Other factors that also appear to affect longevity include growing up in the Western United States, growing up on a farm and being a first-born child. However, the researchers said mother's age appears to be more important for longevity than any other factor. The findings could have major implications, as an increasing number of women are putting of childbirth until later ages in favor of career or other pursuits. [EarthTimes.org June 26, 2006]

Werners syndrome (WS), a rare familial disease with symptoms resembling premature aging, is considered a partial model of human aging. People with WS develop a vast array of age-related diseases including arteriosclerosis, malignant neoplasms, cancer, type II diabetes mellitus, ocular cataracts and osteoporosis in early adult life. These individuals have a generally aged appearance including early graying, loss of hair, and skin wrinkling. The gene responsible for WS (known as WRN) has been identified (and even cloned) by National Institute on Aging-funded researchers (Yu et al., Science 4/12/96) as one that produces an enzyme involved in DNA metabolism and repair. Several signs of defective DNA metabolism have been identified in cells obtained from WS patients. The consequences of the defective WRN gene may be related to the accumulation of DNA damage in the cells of people with WS leading to the premature development of age-related diseases.
 

 
 

Signs, symptoms & indicators of Premature/Signs of Aging:
 
 
Symptoms - Aging  Poor balance
  Reduced skin elasticity
  Loss of interest in activities

Counter-indicators:
  Health not declining with age

Symptoms - Head - Eyes/Ocular

  Long focal length

Symptoms - Muscular

  Individual weak muscles
  Poor muscle tone
  Muscle mass reduction
  Slow reaction time

Symptoms - Skeletal

  Loose ligaments/joints
  Joint pain/swelling/stiffness

Symptoms - Skin - General

  Thin skin
 
 

Conditions that suggest Premature/Signs of Aging:
 
 
Aging  Cataracts / Risk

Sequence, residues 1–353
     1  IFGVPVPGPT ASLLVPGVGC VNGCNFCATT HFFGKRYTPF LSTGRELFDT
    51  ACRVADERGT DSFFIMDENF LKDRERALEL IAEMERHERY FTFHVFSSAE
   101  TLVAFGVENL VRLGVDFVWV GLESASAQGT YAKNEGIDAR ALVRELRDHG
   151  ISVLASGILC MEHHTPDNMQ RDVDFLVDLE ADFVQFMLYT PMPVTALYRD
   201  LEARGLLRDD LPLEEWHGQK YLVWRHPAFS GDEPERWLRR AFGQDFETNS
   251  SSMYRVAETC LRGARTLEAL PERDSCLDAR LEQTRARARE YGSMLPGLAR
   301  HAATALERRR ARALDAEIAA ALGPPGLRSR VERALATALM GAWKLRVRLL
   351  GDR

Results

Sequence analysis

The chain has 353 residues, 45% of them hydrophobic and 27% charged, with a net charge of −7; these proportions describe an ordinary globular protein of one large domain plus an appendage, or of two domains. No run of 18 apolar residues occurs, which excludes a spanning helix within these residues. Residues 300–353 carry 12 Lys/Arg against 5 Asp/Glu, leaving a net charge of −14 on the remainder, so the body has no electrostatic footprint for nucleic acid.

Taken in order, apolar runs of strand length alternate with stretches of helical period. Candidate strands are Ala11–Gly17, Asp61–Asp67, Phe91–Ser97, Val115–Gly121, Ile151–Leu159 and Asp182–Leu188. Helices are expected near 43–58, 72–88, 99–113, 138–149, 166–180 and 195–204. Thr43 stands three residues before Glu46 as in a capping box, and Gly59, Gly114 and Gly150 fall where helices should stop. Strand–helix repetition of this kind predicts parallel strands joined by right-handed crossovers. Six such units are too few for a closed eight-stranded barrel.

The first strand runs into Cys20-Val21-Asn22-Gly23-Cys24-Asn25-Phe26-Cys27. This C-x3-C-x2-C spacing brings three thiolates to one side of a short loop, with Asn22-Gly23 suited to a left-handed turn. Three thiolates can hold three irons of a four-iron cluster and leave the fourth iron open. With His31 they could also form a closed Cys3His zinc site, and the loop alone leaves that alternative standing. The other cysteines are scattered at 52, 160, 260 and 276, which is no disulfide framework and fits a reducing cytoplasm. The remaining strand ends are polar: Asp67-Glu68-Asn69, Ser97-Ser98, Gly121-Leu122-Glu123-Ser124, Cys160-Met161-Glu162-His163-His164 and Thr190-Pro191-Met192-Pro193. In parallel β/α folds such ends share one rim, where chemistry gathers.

Circulation

  Atherosclerosis

Hormones

  Low DHEA Level
  Low Testosterone Level
  Low Estrogen Levels

Inflammation

  Chronic Inflammation

Musculo-Skeletal

  Osteoporosis / Risk

Skin-Hair-Nails

  Premature Hair Graying
 Hair graying results when melanocytes stop producing melanin, the same pigment that darkens our skin to protect us from UV radiation. Sex steroids such as estrogens and progesterone stimulate the function of melanocytes. Also, premature hair graying is less frequent in ethnic groups, notably blacks, who also tend to have higher testosterone levels in both sexes. [J Clin Endo Metab 1997; 82: pp.3580-83]
 
 

Risk factors for Premature/Signs of Aging:
 
 
Hormones  Low HGH (Human Growth Hormone)

Lab Values

  Elevated Homocysteine Levels
 A recent large-scale prospective study of 4700 Norwegian men and women between the ages of 65 and 67 revealed that higher levels of homocysteine in plasma were associated with a significantly increased risk of mortality. For each 5 mmol/L increase in plasma homocysteine levels, the number of deaths from all causes in this "youthful" senior population jumped by 49%. This included:
  • a 50% rise in deaths from cardiovascular disease
  • a 26% rise in deaths from cancer
  • a 104% rise in deaths from other causes.
These dramatic results may indicate a need for more routine screening in the elderly population. [Am J Clin Nutr 2001;74: pp.130-6]

Nutrients

  Antioxidant Need/Oxidative Stress w/ Supplements
  Antioxidant Need/Oxidative Stress w/o Supplements

Skin-Hair-Nails

  Psoriasis
 Psoriasis can cause rapid skin aging.

Symptoms - Skin - Conditions

  Few/dark moles
 Having lots of moles may be a free ticket to aging gracefully. In study performed by King’s College in London, scientists found that the more moles a person had, the more likely their DNA was to have properties that fight off aging.

The researchers looked at the telomere length in cells of 1,800 twins. Telomeres are bundles of DNA found in all cells that protect chromosome ends, similar to the plastic tips on shoelaces that keep them from unraveling. Since telomeres get shorter as we age, they are also good indicators of how the heart, muscle, bones and arteries are aging.

Telomere length was found to be longer among people with a lot of moles (more than 100) than those with only a few (less than 25). In all, the extra telomere length amounted to the equivalent of six to seven years of aging!